Bryan Shaw's interest in working in television was sparked partly by his late father Barry Shaw, a longtime writer about television for The NZ Herald.
In 1984 Shaw applied for a job at Northern Television and began working in the tape room, where each morning boss Graeme Douglas would ask him if he knew what he was doing. If Shaw said yes, the reply was usually "pig's arse"; if Shaw admitted he had no idea, he was told to carry on.
At Northern, Shaw learned the ropes from people like cameraman John Cavill and editor Hamish Hill. He also met Neil Roberts, hiding in a car with him the first morning they met, after the abrupt cancellation of TV show Good Morning New Zealand. Roberts promised him a job, and after starting production company Communicado, was true to his word. Shaw edited on a wide range of Communicado shows, but found himself drawn to long form and documentary. He also met filmmaking team John and Karen Bates, who he regards as "among the best documentary makers in the country".
Shaw would go on to edit many documentaries for Bates, including documentaries on Scottish migrants to New Zealand, censorship (Banned), and painter Gretchen Albrecht. Two of his favourite projects were directed by Bates: 1993 documentary Sense of Place, and waterfront strike doco 1951. The latter title included an interview with Shaw's father, who was a cub reporter during the strikes.
Sense of Place, the first film to screen in TV One's Work of Art slot, was a portrait of photographer Robin Morrison. Shaw enjoyed getting to edit images by Piano cinematographer Stuart Dryburgh. "Of all the docos I've made I'd have to say that's still my favourite. I think it's just a combination of a really good director, Robin being really articulate, the fact it was shot on film, and the music...all of those things came together."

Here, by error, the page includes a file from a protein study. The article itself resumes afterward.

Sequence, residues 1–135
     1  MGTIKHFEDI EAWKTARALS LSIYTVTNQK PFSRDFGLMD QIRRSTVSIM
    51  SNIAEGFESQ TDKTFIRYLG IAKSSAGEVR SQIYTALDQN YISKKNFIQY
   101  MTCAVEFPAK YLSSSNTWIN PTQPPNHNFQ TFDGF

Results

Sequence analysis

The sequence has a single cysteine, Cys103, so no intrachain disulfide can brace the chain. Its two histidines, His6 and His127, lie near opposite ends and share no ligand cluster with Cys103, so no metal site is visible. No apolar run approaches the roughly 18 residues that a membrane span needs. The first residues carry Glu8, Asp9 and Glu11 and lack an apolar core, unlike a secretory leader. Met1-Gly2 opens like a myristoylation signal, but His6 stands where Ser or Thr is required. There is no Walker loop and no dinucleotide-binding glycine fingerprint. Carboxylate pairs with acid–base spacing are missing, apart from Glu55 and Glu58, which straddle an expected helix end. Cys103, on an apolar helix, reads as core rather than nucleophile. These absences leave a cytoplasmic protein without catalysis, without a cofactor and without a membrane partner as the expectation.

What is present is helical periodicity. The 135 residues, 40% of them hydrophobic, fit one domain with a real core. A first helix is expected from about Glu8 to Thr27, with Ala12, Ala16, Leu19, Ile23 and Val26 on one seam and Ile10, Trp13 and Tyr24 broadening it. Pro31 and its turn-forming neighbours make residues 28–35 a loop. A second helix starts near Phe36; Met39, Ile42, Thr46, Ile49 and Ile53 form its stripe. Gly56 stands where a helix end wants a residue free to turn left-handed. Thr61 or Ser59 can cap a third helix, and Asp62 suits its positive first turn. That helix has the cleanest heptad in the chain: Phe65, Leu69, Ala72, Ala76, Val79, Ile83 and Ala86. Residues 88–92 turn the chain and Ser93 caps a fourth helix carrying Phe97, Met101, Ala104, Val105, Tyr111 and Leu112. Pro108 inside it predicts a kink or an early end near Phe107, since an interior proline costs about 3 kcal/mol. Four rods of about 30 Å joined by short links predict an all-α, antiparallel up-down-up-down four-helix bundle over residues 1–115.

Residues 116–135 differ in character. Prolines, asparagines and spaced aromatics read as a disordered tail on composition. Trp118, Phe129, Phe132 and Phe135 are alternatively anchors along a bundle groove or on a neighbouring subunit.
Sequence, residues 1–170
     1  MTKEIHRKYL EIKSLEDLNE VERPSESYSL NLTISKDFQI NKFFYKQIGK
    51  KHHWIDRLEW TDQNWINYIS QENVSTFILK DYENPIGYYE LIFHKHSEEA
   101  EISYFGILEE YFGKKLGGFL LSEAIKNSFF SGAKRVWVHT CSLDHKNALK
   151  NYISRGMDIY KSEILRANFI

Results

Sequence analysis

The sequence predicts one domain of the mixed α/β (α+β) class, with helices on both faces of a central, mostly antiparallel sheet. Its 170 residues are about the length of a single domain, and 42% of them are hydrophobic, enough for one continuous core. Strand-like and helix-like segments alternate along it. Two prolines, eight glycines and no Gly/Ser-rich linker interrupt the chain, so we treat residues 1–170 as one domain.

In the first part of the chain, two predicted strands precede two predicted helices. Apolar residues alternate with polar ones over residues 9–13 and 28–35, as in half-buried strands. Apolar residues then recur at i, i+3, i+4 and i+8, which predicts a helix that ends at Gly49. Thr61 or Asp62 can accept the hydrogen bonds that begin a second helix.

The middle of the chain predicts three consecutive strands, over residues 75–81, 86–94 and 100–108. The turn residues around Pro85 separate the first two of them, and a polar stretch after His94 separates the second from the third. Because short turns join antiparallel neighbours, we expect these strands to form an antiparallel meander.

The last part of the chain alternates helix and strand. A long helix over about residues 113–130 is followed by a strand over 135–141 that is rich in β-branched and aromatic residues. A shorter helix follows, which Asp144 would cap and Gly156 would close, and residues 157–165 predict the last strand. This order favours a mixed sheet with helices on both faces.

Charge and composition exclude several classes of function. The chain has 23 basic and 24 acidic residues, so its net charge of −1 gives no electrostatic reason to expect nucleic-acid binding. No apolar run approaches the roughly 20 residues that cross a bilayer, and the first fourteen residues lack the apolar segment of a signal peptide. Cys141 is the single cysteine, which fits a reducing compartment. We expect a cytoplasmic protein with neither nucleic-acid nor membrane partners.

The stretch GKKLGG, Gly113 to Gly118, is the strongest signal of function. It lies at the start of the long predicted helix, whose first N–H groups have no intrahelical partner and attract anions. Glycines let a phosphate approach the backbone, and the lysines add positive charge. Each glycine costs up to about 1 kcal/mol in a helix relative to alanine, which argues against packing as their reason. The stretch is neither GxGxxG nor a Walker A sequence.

Award-winning Rose Noelle documentary Back from the Dead proved another enjoyable cutting job, with its central challenge of buidling a story around four men trapped for months in the cabin of an upturned trimiran.
Having gone freelance after being given a contract by Richard Driver, Shaw was keen to edit drama. Finally, after a dinner meeting with producer Chris Hampson during which a man flashed them through a restaurant window, Shaw was hired to cut episodes of crime/law series Street Legal. Much of the footage for the long-running show was shot on the streets of Auckland.
By 2003 Shaw was being nominated for his work both editing drama (Street Legal) and documentary. He won the non-drama award that year for What if New Zealand Becomes a State of Australia? Shaw was also keeping busy on a run of Screenworks dramas, including kidult series Hard Out and Skin & Bone, Greg McGee's TV reinterpretation of his classic play Foreskin's Lament.
Shaw's work on Screenworks drama Doves of War would beat out episodes of The Insiders Guide to Love to take out a 2006 Qantas editing award. He also edited episodes of Spartacus and two TV-movies shot in NZ with North American audiences in mind: Exposure and No One Can Hear You.
Shaw, who hails from West Auckland, was excited to work on Westie success Outrageous Fortune, and in 2005 was invited to cut episodes of the second season, and later, prequel show Westside (including this first episode). e would go on to win Qantas Awards for his Outrageous work for two years running, plus a nomination in 2009. Two years later Shaw was nominated for an Aotearoa Award for The Almighty Johnsons, and edited episodes of Step Dave and the effects-heavy Spartacus. He has also dipped his toes in horror with the Rob Tapert produced remake of cult classic The Evil Dead, plus spin-off show Ash vs Evil Dead.
Shaw has kept his hand in documentary, after lucking out again with a project which combined his passion for motorcycles and super 8mm film: the multi award-winning Love Speed and Loss, about late motorcycling champion Kim Newcombe. Shaw's work on the documentary won him an award at the 2007 Air NZ Screen Awards (Later, he was part of the editing trio on 2018 car racing doco Born Racer. )
Around the same time Shaw teamed up with Back of the Y co-creator Matt Heath to edit madcap feature The Devil Dared Me To. Shaw has gone on to edit a run of based on a true story DT dramas for director/producer Riccardo Pellizzeri, among them Rainbow Warrior TV movie Bombshell and miniseries Dear Murderer (about high profile lawyer Mike Bungay).
Profile updated on 16 July 2020
'Bryan Shaw: On the responsibilities and challenges of editing...' (Video Interview) NZ On Screen website. Director Andrew Whiteside. Loaded 15 March 2016. Accessed 16 March 2016